1. Paying by the minute. When paying by the minute, be sure you understand what you are paying for. Is it handle time? Talk time? A combination? Is after-call work included, and if so, for how long? If you are being charged for everything, including all after-call work, they could be charging you a lot of money. Your call center may also inadvertently become incentivized to get really lazy on calls. Most companies will hold everyone up to an efficiency standard and not do this. However, be sure that they have the reporting to justify their billing.
  1. Paying by the hour. The majority of our clients pay by the hour. You need to know if you are paying for the reps’ lunches and breaks. Usually, this can be negotiated based on a per hour charge. As a rule, if a representative works an 8-hour shift, the center should bill you for 7.5 hours. If your center says they bill for an 8-hour day, try to negotiate a lower rate to compensate for that half-hour lunch.
  1. Attrition Training. Do not pay for attrition training. Let’s say you signed on with this call center and started with 25 reps. Several months later three reps have left the company.  The call center is responsible for paying for the training to get their numbers back to what you are paying for. If your center knows that they will have to pay for training to maintain a number of seats, they are going to think twice about the type of person they bring on for your program. It is just human nature that they will look for a higher quality candidate instead of just a seat filler. Not setting things up this way from the start can lead to a high turnover rate, that will cost you in more ways than one.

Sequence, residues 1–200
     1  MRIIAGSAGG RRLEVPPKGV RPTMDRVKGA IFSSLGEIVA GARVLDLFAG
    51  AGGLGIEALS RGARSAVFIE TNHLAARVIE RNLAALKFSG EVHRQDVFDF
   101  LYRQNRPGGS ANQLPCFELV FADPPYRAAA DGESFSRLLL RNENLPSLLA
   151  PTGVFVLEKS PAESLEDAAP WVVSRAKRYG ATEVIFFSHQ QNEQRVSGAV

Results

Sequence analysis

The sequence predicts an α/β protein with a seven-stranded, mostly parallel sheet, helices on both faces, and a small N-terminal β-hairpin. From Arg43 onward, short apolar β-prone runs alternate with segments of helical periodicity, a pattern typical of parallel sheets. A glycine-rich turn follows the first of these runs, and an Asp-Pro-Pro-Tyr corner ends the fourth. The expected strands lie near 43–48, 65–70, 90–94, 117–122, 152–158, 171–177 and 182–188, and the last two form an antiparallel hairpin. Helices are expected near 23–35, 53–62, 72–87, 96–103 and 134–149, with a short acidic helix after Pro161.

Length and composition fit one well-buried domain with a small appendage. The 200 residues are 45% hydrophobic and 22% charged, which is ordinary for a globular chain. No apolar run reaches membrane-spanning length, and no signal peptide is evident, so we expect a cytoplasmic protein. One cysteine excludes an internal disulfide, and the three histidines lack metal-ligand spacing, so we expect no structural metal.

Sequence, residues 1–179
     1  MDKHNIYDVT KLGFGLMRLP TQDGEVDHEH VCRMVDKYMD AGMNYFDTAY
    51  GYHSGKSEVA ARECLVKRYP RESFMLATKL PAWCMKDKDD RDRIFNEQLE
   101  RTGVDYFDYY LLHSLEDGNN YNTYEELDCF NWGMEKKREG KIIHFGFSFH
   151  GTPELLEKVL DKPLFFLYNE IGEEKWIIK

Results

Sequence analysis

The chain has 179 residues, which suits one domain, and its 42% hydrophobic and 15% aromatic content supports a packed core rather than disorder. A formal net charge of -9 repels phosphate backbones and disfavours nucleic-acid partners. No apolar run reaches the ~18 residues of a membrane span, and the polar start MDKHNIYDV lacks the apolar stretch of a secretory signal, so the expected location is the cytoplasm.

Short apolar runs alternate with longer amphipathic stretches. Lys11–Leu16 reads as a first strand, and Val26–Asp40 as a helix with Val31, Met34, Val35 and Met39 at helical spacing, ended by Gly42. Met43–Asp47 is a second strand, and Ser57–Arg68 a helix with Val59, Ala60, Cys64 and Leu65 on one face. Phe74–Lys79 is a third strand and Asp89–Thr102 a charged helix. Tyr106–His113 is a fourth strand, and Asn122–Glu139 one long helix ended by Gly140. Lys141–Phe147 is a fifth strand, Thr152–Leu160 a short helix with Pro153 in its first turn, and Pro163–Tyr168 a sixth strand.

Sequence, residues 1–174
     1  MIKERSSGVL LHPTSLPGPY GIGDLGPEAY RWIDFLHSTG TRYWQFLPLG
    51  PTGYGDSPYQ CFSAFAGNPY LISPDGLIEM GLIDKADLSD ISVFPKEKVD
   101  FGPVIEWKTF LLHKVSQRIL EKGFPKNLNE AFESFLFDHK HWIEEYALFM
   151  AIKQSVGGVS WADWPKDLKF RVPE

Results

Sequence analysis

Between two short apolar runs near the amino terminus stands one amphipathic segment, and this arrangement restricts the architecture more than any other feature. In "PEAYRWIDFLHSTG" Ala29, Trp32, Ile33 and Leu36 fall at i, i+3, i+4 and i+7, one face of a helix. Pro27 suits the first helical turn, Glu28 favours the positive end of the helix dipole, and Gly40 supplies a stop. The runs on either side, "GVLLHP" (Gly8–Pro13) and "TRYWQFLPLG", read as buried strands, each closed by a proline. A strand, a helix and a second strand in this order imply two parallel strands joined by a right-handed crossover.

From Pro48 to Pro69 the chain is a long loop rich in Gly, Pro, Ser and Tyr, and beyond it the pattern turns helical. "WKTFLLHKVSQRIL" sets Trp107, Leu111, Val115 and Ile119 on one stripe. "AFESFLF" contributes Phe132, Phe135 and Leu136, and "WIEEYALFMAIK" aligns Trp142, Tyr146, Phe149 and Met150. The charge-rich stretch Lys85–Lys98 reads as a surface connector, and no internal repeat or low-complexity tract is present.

While the majority of call centers don’t do anything on this list, there are always a couple who will try to do something sneaky. If you send out five requests for proposals, you might just see one that looks much different than the others.  That is probably who you want to avoid; do some homework and pull back the curtain on their contract to see what it really going on.

Expivia doesn’t do any of these things. We make our money by providing a ton of value and having you need to increase your program.  We want you to expand and make more money, which will allow us to invest more into the customer service realm for you.  This really is a partnership.